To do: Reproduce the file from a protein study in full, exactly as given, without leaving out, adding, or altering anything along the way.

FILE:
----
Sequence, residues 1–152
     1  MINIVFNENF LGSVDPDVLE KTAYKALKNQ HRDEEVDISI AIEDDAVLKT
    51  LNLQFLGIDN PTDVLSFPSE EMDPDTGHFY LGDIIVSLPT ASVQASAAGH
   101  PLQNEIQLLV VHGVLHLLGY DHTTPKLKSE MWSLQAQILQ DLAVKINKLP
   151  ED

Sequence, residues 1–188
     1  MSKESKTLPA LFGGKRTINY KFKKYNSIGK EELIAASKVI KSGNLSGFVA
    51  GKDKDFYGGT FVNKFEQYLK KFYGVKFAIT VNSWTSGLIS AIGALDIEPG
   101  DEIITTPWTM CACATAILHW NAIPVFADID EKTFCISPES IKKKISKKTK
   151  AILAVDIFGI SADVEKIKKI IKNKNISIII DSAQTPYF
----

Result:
Sequence, residues 1–152
     1  MINIVFNENF LGSVDPDVLE KTAYKALKNQ HRDEEVDISI AIEDDAVLKT
    51  LNLQFLGIDN PTDVLSFPSE EMDPDTGHFY LGDIIVSLPT ASVQASAAGH
   101  PLQNEIQLLV VHGVLHLLGY DHTTPKLKSE MWSLQAQILQ DLAVKINKLP
   151  ED

Sequence, residues 1–188
     1  MSKESKTLPA LFGGKRTINY KFKKYNSIGK EELIAASKVI KSGNLSGFVA
    51  GKDKDFYGGT FVNKFEQYLK KFYGVKFAIT VNSWTSGLIS AIGALDIEPG
   101  DEIITTPWTM CACATAILHW NAIPVFADID EKTFCISPES IKKKISKKTK
   151  AILAVDIFGI SADVEKIKKI IKNKNISIII DSAQTPYF